Connecticut Employment Law Blog Insight on Labor & Employment Developments for Connecticut Businesses

BREAKING: Connecticut DOL Releases New FMLA Regulations for School Paraprofessionals

Posted in Highlight, Human Resources (HR) Compliance, Laws and Regulations, Manager & HR Pro’s Resource Center, Wage & Hour

You won’t find it (at least easily) on the Connecticut Department of Labor’s website.  (The Department’s FMLA page is void of any reference as well.)  

But late last month the CTDOL quietly released new regulations governing FMLA leave rights to school paraprofessionals. 

I’ve asked my colleagues, Jessica Ritter and Henry Zaccardi, to recap the most salient points.  For more information, you can also check out my firm’s School Law blog as well.  My thanks to Henry and Jessica for the quick turnaround. 

In 2012 the legislature passed Public Act 12-43 to provide Family and Medical Leave Act (FMLA) rights to school paraprofessionals who, typically, did not work enough hours each year to be eligible for leave under the federal FMLA.

Federal FMLA applies not only to private sector employers with 50 or more employees, but also to municipalities and boards of education, and requires employees to work at least 1,250 hours in the 12 months immediately preceding FMLA leave.

Because the state’s FMLA law expressly excludes coverage of municipalities, boards of education, and private elementary and secondary schools, the legislature crafted the new law to require boards of education to provide benefits equal to those under federal FMLA if a paraprofessional worked only 950 hours in the 12 months immediately preceding an FMLA leave, rather than the standard federal requirement of 1,250 hours worked.

The new act also required the labor commissioner to adopt implementing regulations and it specified that no paraprofessional would begin accruing the necessary 950 hours before those regulations became effective.

Those regulations have now been issued and are now effective May 12, 2014.

As with federal FMLA’s 1,250 hour requirement, only actual “hours worked” count towards the 950 hours requirement, as determined under Fair Labor Standards Act principles.  Time off, whether paid or unpaid, does not count, including paid holidays, personal time off, etc.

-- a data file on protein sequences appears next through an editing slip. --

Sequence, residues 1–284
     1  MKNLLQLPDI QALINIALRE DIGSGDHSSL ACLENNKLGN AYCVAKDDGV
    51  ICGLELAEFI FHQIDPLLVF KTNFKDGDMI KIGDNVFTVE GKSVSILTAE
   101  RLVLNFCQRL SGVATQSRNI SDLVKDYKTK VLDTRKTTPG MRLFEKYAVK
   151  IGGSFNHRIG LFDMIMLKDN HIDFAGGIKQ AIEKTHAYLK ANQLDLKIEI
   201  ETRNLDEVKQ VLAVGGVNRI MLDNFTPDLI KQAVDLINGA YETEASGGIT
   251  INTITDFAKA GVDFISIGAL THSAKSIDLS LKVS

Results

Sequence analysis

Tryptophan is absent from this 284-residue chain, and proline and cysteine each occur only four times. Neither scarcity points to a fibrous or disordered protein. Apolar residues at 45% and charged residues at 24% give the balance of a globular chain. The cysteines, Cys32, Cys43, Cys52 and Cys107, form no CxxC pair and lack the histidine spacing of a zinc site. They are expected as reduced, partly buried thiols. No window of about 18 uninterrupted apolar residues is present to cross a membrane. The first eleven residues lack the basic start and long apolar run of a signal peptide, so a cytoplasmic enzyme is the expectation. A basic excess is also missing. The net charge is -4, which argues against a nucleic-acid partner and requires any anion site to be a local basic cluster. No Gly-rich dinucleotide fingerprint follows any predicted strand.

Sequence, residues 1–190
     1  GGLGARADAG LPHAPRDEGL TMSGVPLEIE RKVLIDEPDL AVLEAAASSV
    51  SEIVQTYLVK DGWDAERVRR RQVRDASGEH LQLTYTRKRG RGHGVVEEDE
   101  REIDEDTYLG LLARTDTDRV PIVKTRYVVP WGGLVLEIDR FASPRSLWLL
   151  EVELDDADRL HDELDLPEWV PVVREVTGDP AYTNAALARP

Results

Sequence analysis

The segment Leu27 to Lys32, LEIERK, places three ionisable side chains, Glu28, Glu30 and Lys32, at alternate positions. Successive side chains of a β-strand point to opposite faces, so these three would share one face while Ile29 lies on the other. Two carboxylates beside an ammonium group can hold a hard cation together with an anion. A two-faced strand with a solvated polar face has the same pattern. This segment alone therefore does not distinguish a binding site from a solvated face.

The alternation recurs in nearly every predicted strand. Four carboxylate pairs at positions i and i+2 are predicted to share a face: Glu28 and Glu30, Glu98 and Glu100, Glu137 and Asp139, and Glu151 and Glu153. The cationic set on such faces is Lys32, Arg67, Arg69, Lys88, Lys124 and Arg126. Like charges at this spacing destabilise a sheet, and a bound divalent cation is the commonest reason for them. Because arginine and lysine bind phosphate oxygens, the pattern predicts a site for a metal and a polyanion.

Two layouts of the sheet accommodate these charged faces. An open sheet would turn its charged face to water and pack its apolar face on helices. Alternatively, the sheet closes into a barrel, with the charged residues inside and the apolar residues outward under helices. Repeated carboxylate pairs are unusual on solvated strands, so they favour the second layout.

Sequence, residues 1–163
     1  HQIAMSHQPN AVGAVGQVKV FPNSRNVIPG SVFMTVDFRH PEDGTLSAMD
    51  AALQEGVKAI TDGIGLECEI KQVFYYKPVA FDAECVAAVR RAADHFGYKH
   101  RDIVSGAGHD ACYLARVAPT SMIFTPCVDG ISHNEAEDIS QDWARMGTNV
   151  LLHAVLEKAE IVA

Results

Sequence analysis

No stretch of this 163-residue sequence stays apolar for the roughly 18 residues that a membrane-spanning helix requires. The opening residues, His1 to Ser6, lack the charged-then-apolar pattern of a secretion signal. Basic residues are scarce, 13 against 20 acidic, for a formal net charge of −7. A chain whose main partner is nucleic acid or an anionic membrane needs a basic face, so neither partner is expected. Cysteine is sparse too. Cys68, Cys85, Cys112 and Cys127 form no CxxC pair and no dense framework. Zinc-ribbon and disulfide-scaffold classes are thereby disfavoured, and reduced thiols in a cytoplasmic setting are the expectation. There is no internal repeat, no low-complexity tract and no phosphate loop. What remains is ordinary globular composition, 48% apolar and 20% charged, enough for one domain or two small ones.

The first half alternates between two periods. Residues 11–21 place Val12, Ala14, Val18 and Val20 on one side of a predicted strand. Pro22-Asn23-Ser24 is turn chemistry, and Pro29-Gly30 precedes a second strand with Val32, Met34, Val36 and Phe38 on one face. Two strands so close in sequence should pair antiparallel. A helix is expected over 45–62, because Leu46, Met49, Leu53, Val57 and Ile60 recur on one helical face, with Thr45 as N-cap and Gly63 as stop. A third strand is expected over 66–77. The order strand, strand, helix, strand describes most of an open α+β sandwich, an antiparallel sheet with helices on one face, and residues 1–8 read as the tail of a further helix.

So, after May 12, 2014, hours worked by a school district employee who falls under the paraprofessional definition  will begin to count toward the required 950 hours.  Practically speaking, this means that covered employees will likely not be eligible for their first leave under the new regulations until sometime late in the 2014-2015 school year, given a typical paraprofessional’s hours per workweek.

Many of the regulations merely adopt the prior regulations but apply them to school district paraprofessionals too.

The net effect of the new state law and the new regulations, is an expansion of the number of employees in public school districts who will be taking FMLA leave in the future.  Given the significant job protection that FMLA provides to employees on leave, and given the nature of the work that many school paraprofessionals perform in the area of special education, school districts may find implementation challenging.

All of the rights, responsibilities and obligations that employees and employers have dealt with under federal FMLA for over 20 years will now apply to a whole new population of workers.

While many people feel that FMLA “works great,” and has not been a problem for most employers, our experience with FMLA has shown that often it can be a very difficult law to implement and that employers wrestle with such issues as covering for absent employees and calculating leave use when the time is used only intermittently. Hopefully, prior experience with FMLA issues will be of assistance and will help make applying FMLA to school paraprofessionals a smooth process.

  • ctmlhr@yahoo.com

    It should have been released with fanfare as it is unconscionable we create an underclass within our egalitarian public school system. The food service workers, janitors, and the nurses hopefully are covered as well. What are we doing in our society when we by law create a cycle of poverty for sectors of workers who give just as much value as any other professionals but at a far lower cost per hour?